Well, here I am again. I was hoping it would be a while till I needed to post here again but I was wrong. If you’ve read my last post you will know that we’re we’re going to do a gamma knife to get rid of 2 avms in my brain. The surgery was scheduled for April 20th, about 2 days ago. A week before the surgery was scheduled I went in for an mri and blood test. The results showed that my hemoglobin is higher than it used to be (it is now 220), and they needed to do another blood test the Monday before the surgery. We also had a couple more appointments with Dr. Ratjen and Dr. Dirks. After they took 9 viles of blood, all of my teams including neurology, hematology, all the lung doctors, and the transplant team had a very large meeting about the surgery. They decided that the angiogram that goes along with the gamma knife was too risky and they were gonna do it without said angiogram. They then decided it was too risky all together and canceled the surgery. During our meeting with Dr. Ratjen (who usually seems to not show much emotion), he seemed very worried, and upset. He told us I was the sickest patient in the country, and there are only a handful of people like me in the world. He also said that at this point a lung transplant is required and that my chances of living are better with the lung transplant than without, meaning that if nothing is done I have only a 50% chance or less to make it 5 more years. This has all kind of put me in shock, but I think I’m ready to accept it and put myself on the list for new lungs. Lucky for me I’m otherwise very healthy, and according to multiple doctors in the hospital I have the best transplant team on the planet. More updates are to come. Thank you for reading.
I am disappointed to hear this, and certainly has to be difficult for you. As you say shock. It is good you are able to put it out to us, and know we are with you. Your outlook, in such a fact based, matter of fact manner will certainly be crucial and am sure vital in being ready to accept and be put on the transplant list. Your medical team sounds top notch, and has to be reassuring. Hopefully our community is able to lend support. Take Care, John.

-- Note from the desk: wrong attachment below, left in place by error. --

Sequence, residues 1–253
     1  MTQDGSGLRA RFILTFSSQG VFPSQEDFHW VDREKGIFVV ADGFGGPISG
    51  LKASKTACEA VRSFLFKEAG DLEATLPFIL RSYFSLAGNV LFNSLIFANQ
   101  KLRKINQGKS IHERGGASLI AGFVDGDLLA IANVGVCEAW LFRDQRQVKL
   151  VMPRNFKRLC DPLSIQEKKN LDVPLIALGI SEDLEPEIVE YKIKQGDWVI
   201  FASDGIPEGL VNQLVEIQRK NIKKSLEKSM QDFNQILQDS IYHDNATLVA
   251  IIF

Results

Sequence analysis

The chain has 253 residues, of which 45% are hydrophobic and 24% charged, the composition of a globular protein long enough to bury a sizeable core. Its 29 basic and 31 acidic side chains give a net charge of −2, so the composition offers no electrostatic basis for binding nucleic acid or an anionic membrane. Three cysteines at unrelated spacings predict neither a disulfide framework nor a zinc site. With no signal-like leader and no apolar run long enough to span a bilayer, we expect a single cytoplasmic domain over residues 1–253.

May I ask what is wrong with your lungs? Do you have HHT? I’m so sorry. It must be very difficult. Will be sending healing thoughts and prayers your way.
Thank you. The support means a lot.
I have severe hht scattered throughout my lungs and I have 3 avms in my brain. One was removed 4 years ago and the removal of the second and third ones were canceled. Thank you for the thoughts, it means a lot to me.
I’m just going to say “Wow!” again!
There are a couple of ways to deal with this kind of news – by getting really down about it, or by getting really quite pragmatic about it – and again you’re working on the pragmatic end of the scale, which is (frankly) brilliant and amazing.
And I know you’re a young person.
So… I think you’re doing amazingly. It’s really quite the diagnosis, isn’t it? I do like the fact that your doc was very put out about having to tell you difficult news and I’m sure you are in just as rare a circumstance as they describe. It is also great that you’re otherwise nice and healthy.
My niece has cystic fibrosis. She’s a few years older than you: I think she’s 25: and has stared down the gun barrel of CF all her life, with the prospect of getting very poorly and eventually needing a heart/lung transplant. It’s a tough, tough situation to be in and I take my hat off to both of you. If you find you need the support and experience of others who are faced with similar trouble, it may be of value for you to seek out a CF support group and be able to talk to people there: I assume it is a much more common condition than HHT and there should be support groups near where you live.
Thank you for sharing. It’s great to learn about you and how you’re getting on. Do join the PulmonaryHeartHHT group here (look for “Groups” on the Ξ menu). Joining the group means you get notifications of first posts in this category.
Very best wishes,